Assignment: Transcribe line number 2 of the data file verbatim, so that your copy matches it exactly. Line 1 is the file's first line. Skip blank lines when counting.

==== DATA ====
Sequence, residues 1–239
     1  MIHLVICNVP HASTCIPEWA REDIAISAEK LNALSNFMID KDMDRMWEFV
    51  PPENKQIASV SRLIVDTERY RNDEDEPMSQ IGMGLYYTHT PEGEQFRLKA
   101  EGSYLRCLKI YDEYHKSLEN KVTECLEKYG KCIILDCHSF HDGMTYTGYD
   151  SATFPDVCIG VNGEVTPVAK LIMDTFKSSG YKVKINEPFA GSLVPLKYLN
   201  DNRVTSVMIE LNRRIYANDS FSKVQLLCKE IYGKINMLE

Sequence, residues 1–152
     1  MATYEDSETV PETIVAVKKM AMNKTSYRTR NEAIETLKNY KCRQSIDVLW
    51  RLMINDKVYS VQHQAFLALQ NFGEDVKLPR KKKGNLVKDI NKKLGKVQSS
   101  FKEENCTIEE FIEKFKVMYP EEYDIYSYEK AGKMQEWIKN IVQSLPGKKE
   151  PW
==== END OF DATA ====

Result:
     1  MIHLVICNVP HASTCIPEWA REDIAISAEK LNALSNFMID KDMDRMWEFV